Before she wrote Rebecca, the novel that would cement her reputation as a twentieth-century literary giant, a young Daphne du Maurier penned short fiction in which she explored the images, themes, and concerns that informed her later work. Originally published in periodicals during the early 1930s, many of these stories never found their way into print again . . . until now.

Tales of human frailty and obsession, and of romance gone tragically awry, the thirteen stories in The Doll showcase an exciting budding talent before she went on to write one of the most beloved novels of all time. In these pages, a waterlogged notebook washes ashore revealing a dark story of jealousy and obsession, a vicar coaches a young couple divided by class issues, and an older man falls perilously in love with a much younger woman—with each tale demonstrating du Maurier’s extraordinary storytelling gifts and her deep understanding of human nature."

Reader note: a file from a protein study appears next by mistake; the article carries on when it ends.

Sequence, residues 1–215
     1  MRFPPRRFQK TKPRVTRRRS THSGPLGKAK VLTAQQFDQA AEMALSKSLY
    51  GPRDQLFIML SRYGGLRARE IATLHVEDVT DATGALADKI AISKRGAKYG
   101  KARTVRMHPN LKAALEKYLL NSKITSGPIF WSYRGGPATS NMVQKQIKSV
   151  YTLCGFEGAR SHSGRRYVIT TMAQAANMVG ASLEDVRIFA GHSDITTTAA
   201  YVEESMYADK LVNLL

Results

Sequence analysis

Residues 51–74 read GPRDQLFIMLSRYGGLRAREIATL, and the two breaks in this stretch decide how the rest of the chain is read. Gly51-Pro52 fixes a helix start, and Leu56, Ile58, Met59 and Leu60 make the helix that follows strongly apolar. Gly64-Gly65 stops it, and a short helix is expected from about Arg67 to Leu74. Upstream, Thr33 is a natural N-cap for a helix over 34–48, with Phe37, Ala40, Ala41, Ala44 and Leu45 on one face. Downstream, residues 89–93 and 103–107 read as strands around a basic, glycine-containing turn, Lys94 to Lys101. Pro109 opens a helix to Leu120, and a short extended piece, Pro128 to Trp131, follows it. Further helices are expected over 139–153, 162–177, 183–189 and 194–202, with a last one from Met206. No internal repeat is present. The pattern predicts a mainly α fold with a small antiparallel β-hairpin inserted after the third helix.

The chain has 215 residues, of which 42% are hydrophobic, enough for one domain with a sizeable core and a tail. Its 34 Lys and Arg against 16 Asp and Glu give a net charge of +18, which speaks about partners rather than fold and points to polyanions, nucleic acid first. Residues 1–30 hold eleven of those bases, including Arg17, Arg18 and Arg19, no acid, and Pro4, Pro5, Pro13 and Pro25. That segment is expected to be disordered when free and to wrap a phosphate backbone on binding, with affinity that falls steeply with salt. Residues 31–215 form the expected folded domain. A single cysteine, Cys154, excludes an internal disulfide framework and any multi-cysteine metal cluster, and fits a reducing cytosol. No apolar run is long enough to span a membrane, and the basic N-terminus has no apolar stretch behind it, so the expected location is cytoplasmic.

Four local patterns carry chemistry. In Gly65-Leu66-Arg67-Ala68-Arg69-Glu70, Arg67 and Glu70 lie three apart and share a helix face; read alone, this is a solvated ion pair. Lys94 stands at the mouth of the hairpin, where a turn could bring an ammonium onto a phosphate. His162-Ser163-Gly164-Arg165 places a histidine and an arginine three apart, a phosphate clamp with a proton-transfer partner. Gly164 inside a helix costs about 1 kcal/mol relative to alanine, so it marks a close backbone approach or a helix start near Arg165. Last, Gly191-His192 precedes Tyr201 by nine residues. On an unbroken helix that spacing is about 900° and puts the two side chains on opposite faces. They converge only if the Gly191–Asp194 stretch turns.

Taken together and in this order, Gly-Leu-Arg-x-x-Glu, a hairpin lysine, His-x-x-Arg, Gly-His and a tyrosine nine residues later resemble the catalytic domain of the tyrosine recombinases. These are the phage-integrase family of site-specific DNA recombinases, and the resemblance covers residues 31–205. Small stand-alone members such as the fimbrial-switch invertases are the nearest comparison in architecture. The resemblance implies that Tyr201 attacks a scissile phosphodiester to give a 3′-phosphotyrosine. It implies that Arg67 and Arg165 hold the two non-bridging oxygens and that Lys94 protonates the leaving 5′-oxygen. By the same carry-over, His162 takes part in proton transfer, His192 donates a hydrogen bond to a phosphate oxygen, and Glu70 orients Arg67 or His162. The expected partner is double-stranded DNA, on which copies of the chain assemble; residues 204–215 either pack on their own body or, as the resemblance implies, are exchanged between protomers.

For those of you who where actually able to wait a few extra months for these stories to be available stateside, you're in for a treat. While the story The Doll does disappoint, if you've read any summaries, the rest of the stories are so stellar, one wonders why they have been out of print so long!

Agtha Christie: An Autobiography by Agatha Christie
Published by: Harper
Publication Date: November 22nd, 2011
Format: Hardcover, 544 Pages
To Buy

The official patter:
"In an all-new edition, an engaging and illuminating chronicle of the life of the “Queen of Mystery,” complete with a bonus CD featuring the voice of the grande dame herself

Agatha Christie was a woman of mystery, in every sense of the word. Her novels made her the world’s best-selling author, but her private life was hidden from view. For many years she dodged reporters and gave no interviews, and for a brief time she famously disappeared. She started writing her autobiography in April 1950 and finished it fifteen years later, when she was seventy-five years old and decided “it seems the right moment to stop.”